Tour of Flanders Race Recap: Cancellara Waits Till Final 20km For Attack


Fabian Cancellara confirmed himself as one of the greatest Classics riders of all time. 

If there was any doubt, it should be erased. One of only a handful of riders to win all of the spring Monuments, and he’s done them in spectacular fashion. Today’s result was no less emphatic than his 2010 stomping of Tom Boonen, and in fact, it may have been even more impressive.

It was Boonen that started off the day’s events, but not in a fashion he’d have liked. After tremendous cheers at the start line, Boonen crashed just 19km into the race. He suffered hip and knee bruises and cut, and was hardly able to stand immediately after the collision. For Boonen, it was the final straw for a 2013 campaign that could not have been more different from last season. Just a year removed from winning Flanders, he was laying on the ground. He might well have swapped luck with Cancellara, who was perpendicular last year and out of the spring races. For Boonen, it could be over until either the Ardennes or even the Tour preparation races.

On Sunday, Cancellara’s team rode well for the first time in recent memory in the spring races. Usually known for letting Cancellara fend for himself, they controlled early proceedings along with Europcar, who had Voeckler’s face-pulling perched on their wheel from a long way out. A handful of breakaways were off the front for much of the day, though none ever achieved the familiar five to ten minute gap we’re used to seeing. Every move was given a tight leash, while the favorites were tucked in hiding and waiting.

Of the favorites, it was Cancellara most consistently well placed, never so well exemplified by the number of crashes throughout the day. Even riders near the front were dropping over the cobbles, but for the most part, the race was tightly in hand all afternoon. The only big name with consistent camera time was Andre Greipel, who featured in the breakaway all afternoon as a helping hand up the road for the Lotto-Bellisol team.

As the kilometers ticked off, the pressure fell on to the big names to break up the field. Cancellara, Geraint Thomas, Sylvain Chavanel, and the rest were all playing poker face well under 40km to go. A few riders put the moves in, but none stuck, and the big teams began to start throwing riders up the road in a bid to draw out more attacks. Finally, on the Oude Kwaremont, Cancellara single-handedly destroyed a group of 35 riders. No team set up, not double-moves. Just an unearthly acceleration that only Peter Sagan was truly capable of matching. Jurgen Roelandts was swept up but latched on, a very smart move that allowed him to avoid that attack.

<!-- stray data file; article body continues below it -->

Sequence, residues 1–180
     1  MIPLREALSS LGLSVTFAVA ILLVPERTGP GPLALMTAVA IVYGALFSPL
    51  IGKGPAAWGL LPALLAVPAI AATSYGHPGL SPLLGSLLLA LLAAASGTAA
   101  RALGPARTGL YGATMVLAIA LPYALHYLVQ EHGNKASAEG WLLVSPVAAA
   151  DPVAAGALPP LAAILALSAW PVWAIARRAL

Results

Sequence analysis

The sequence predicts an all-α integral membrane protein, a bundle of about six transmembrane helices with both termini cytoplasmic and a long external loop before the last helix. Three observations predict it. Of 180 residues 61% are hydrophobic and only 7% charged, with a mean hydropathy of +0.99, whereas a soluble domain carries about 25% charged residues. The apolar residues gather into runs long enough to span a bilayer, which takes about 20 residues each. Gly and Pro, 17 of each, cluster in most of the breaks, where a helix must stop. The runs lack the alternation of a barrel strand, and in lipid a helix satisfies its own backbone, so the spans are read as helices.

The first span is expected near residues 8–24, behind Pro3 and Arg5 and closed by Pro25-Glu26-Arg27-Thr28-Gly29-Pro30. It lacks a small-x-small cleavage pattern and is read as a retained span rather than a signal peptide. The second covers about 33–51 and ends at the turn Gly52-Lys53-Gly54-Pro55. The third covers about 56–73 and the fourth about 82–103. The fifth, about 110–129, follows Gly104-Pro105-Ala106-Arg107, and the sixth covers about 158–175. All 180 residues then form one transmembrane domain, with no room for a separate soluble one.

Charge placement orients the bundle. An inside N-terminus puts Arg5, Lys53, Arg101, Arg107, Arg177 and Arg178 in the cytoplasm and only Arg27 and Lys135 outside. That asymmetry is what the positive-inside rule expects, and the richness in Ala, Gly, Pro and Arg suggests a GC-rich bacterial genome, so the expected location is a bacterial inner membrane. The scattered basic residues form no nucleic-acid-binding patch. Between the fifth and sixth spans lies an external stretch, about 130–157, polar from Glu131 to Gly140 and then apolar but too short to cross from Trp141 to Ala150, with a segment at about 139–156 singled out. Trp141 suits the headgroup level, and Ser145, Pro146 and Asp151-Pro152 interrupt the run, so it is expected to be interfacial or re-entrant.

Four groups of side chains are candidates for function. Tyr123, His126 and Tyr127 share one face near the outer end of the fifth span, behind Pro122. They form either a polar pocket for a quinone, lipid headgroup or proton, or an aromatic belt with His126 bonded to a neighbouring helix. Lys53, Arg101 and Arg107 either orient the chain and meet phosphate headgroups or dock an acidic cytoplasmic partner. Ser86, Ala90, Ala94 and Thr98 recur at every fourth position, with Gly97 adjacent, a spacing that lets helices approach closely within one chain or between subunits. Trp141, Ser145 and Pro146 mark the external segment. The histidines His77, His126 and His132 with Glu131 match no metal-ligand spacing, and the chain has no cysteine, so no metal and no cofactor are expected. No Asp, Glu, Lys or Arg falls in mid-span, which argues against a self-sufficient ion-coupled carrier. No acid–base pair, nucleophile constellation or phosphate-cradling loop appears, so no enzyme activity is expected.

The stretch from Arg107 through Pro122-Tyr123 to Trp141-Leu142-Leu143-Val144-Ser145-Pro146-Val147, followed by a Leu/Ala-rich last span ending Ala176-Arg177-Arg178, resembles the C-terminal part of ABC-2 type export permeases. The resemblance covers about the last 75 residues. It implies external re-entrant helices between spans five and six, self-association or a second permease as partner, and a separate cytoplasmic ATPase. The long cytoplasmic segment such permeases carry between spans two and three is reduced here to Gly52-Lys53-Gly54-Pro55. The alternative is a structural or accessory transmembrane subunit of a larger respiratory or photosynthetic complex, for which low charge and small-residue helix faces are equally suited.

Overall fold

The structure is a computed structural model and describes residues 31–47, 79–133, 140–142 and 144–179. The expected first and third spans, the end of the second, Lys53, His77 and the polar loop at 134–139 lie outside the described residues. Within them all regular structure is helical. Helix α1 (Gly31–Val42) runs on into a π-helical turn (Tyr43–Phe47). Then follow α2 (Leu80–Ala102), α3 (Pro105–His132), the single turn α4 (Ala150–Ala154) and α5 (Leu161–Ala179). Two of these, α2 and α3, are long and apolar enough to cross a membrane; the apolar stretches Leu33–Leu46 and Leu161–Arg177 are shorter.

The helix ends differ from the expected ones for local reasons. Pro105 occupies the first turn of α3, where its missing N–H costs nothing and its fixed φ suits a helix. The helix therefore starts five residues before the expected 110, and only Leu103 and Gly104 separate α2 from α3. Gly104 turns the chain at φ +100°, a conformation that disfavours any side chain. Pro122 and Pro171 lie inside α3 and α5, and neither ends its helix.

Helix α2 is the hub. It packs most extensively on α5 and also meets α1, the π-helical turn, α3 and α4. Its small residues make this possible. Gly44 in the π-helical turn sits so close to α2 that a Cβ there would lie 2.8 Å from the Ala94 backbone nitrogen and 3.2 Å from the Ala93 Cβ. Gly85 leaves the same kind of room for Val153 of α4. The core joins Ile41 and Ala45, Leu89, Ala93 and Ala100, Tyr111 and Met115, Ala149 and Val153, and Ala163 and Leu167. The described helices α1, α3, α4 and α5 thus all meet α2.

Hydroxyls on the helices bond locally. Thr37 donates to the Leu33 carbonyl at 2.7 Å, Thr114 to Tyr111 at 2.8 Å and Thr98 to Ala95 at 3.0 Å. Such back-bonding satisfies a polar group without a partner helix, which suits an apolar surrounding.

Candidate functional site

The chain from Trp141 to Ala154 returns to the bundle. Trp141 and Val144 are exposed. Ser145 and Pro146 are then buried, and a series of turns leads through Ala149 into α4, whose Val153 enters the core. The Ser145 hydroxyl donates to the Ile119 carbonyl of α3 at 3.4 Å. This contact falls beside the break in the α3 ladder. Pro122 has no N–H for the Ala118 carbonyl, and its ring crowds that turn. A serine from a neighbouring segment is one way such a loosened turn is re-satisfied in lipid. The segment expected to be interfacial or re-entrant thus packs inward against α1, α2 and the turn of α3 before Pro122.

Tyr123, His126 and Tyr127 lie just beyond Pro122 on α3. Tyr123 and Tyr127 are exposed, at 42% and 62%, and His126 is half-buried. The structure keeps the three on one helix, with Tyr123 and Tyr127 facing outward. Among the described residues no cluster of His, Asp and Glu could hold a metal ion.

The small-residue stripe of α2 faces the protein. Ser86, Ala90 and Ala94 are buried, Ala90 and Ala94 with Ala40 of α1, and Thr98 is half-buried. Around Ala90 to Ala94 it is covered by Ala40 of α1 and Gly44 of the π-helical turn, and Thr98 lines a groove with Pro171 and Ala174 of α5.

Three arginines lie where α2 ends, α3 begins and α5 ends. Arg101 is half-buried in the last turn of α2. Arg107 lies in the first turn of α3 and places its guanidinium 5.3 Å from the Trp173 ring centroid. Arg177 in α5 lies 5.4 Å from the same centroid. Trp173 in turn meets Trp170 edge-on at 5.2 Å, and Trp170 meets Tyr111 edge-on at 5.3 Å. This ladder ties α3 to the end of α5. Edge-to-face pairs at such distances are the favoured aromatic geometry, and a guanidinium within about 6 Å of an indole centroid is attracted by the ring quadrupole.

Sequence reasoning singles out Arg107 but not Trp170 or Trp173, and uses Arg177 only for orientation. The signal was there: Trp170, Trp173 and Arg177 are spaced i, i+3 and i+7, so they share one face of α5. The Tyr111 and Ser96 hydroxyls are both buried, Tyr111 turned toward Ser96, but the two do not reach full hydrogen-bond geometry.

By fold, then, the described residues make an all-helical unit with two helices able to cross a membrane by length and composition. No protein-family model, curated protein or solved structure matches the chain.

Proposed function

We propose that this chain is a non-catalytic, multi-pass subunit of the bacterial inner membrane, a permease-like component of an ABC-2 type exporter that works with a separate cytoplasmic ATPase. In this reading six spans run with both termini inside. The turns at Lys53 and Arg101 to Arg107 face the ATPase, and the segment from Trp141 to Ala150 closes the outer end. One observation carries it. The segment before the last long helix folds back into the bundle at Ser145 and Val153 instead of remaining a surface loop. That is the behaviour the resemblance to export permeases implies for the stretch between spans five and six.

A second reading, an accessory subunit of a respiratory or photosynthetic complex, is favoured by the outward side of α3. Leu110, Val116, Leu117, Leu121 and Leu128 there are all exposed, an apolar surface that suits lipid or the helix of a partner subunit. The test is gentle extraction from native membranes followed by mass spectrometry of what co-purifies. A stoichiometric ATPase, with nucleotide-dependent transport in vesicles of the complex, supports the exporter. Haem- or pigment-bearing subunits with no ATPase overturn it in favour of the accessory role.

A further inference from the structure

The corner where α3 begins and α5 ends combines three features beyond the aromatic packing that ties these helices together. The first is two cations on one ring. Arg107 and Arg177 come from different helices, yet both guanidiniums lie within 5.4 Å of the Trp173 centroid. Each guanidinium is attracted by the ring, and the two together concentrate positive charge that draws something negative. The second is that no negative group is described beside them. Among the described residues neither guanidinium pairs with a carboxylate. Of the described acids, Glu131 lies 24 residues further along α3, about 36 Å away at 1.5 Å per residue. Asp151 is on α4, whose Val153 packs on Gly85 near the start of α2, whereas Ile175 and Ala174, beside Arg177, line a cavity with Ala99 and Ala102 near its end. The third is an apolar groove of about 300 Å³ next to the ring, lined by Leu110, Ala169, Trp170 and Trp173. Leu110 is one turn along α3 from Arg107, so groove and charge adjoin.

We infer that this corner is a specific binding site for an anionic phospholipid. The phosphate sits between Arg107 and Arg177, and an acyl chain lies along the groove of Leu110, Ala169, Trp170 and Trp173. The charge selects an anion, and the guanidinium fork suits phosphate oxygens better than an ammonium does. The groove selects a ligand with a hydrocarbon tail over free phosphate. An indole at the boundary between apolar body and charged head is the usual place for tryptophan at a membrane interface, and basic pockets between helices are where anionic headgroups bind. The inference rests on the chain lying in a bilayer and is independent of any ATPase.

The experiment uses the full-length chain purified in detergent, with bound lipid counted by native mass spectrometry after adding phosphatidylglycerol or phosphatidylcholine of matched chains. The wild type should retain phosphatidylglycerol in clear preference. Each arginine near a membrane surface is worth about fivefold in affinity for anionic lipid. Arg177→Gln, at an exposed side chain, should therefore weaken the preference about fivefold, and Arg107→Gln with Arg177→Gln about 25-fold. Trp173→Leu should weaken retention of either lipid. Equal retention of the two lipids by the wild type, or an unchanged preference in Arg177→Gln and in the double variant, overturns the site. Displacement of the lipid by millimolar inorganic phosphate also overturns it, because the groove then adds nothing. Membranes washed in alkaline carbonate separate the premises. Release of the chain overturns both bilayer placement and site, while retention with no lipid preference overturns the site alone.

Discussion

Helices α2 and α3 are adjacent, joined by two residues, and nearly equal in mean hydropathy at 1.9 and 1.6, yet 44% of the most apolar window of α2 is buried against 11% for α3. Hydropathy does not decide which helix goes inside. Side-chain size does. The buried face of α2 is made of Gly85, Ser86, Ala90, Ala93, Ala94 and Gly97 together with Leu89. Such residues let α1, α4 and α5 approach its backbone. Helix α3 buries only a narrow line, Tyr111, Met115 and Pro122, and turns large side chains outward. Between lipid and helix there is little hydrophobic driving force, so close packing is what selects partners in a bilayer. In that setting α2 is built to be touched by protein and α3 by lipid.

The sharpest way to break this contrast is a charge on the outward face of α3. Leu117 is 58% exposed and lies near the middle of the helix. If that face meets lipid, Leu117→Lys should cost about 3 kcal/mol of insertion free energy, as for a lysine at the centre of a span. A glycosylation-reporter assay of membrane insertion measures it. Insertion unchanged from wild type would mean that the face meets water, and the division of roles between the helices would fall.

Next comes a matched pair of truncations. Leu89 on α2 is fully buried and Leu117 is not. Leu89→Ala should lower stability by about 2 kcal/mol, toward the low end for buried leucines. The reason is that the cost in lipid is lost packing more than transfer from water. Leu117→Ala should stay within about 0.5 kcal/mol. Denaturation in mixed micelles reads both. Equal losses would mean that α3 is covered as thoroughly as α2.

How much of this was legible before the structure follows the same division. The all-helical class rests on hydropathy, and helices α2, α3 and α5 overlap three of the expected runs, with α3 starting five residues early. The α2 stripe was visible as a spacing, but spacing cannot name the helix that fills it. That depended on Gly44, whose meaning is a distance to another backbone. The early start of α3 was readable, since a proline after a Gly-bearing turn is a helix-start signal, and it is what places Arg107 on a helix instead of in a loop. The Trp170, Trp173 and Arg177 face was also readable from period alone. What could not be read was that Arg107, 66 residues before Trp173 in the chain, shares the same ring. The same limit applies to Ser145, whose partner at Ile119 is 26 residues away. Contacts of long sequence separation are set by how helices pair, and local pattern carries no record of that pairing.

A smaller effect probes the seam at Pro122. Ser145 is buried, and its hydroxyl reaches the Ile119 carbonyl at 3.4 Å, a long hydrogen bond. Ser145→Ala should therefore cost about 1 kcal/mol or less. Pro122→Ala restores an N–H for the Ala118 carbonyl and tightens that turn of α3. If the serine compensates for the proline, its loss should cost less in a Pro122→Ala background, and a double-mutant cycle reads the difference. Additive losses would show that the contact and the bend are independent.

The three fought along to the Paterberg, the last climb of the day. Sagan’s first pull nearly ended it there, with the Slovakian losing a few bike lengths before catching back on-but just barely. Cancellara rode on the front almost the whole way, with a few obligatory pulls from Roelandts and Sagan as they approached the climb. Sagan, if he had anything left, would have had a slight advantage if he made the Paterberg with Cancellara, with Sagan having the better spring if he could survive the ascent. He didn’t. Sagan lost just a few inches and Cancellara, feeling the gap open, put the hammer down.

At the top of the Paterberg, it was six seconds. Another kilometer, eight. Another, fourteen. Another, twenty four, and the race was over. Sagan and Roelandts were queued up behind, with Sagan spending all of his legs to trying not to catch Cancellara, but to stave off the chasers with 8km to go. Behind, Sky had lost Geraint Thomas to the world’s worst timed crash of the race, and had only Edvald Boasson-Hagen in the group and unwilling to commit to the chase.

Whilst Cancellara waltzed in for his second Flanders win, Sagan outsprinted Roelandts while Luca Paolini lead out the sprint from 800 meters. His teammate, Alexander Kristoff, led the chase group home, which was chalk-full of former favorites left shaking their heads. BMC lumped Greg Van Avermaet, Daniel Oss and Marcus Burghardt in the first chase group, while OmegaPharma-QuickStep could point to Sylvain Chavanel and Stijn Vandenbergh as their only succeses on the day. Especially for OPQS, the pressure to win is now at an all-time high with Paris-Roubaix and the Ardennes on the horizon.


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